Visa, Mastercard Replaced By MIR In Crimean Peninsula

Visa and Mastercard have been replaced on Russia‘s Crimean peninsula, as its largest bank has completed the process of switching all credit cards to Russia’s MIR payment system. According to a report in RT, citing the Crimean bank, the process was completed on Tuesday (Aug. 14.)

“On August 14, the process of replacing Visa and Mastercard plastic cards in favor of the Mir payment system has ended. Visa and Mastercard plastic cards issued by GenBank, which have not been replaced, are not serviced since August 14,” the Crimean bank said.

GenBank’s ATMs will still accept Visa and Mastercard cards that are issued by other banks outside of Crimea, noted the report. The report noted that GenBank was the only financial institution in Crimea that issued cards of foreign payment companies.

MIR, the payment system the Central Bank of Russia created in 2015, is accepted by Russian companies but is also gaining acceptance among international companies that have operations in the country, noted RT. Russia launched MIR after the U.S. and U.S. allies placed sanctions on the country, ordering the creation of the national payment system due to worries that it could be shut out of international payment systems.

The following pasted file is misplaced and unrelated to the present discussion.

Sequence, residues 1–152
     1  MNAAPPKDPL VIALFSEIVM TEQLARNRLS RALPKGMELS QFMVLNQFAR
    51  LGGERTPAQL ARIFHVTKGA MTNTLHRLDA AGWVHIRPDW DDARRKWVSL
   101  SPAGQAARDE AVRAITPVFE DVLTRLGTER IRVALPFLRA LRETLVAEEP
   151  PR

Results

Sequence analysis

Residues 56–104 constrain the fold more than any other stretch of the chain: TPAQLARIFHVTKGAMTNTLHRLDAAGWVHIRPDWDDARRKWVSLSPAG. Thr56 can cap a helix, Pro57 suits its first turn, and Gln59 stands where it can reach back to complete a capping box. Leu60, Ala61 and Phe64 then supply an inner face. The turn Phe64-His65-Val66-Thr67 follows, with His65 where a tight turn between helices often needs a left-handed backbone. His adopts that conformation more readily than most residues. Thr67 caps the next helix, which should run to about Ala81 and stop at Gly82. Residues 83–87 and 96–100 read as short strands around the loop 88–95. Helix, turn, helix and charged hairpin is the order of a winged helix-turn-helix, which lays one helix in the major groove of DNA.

The move comes as Russia’s corporate treasurers are working with the nation’s central bank on a blockchain initiative, as CoinDesk reported in June. The Russian Association of Corporate Treasurers is joining the government-led Masterchain blockchain initiative, a platform developed by the central bank to facilitate communications within Russia’s banking market. Russia is reportedly looking to use the platform to replace SWIFT’s inter-bank communications network.

Russia’s FinTech association and 14 of the nation’s largest banks collaborated on the development of Masterchain, reports noted, citing a white paper. The initiative eventually hopes to join banks and government agencies that collaborate on contract registration and regulation.



The pressure on banks to modernize their payments capabilities to support initiatives such as ISO 20022 and instant/real time payments has been exacerbated by the emergence of COVID-19 and the compelling need to quickly scale operations due to the rapid growth of contactless payments, and subsequent increase in digitization. Given this new normal, the need for agility and optimization across the payments processing value chain is imperative.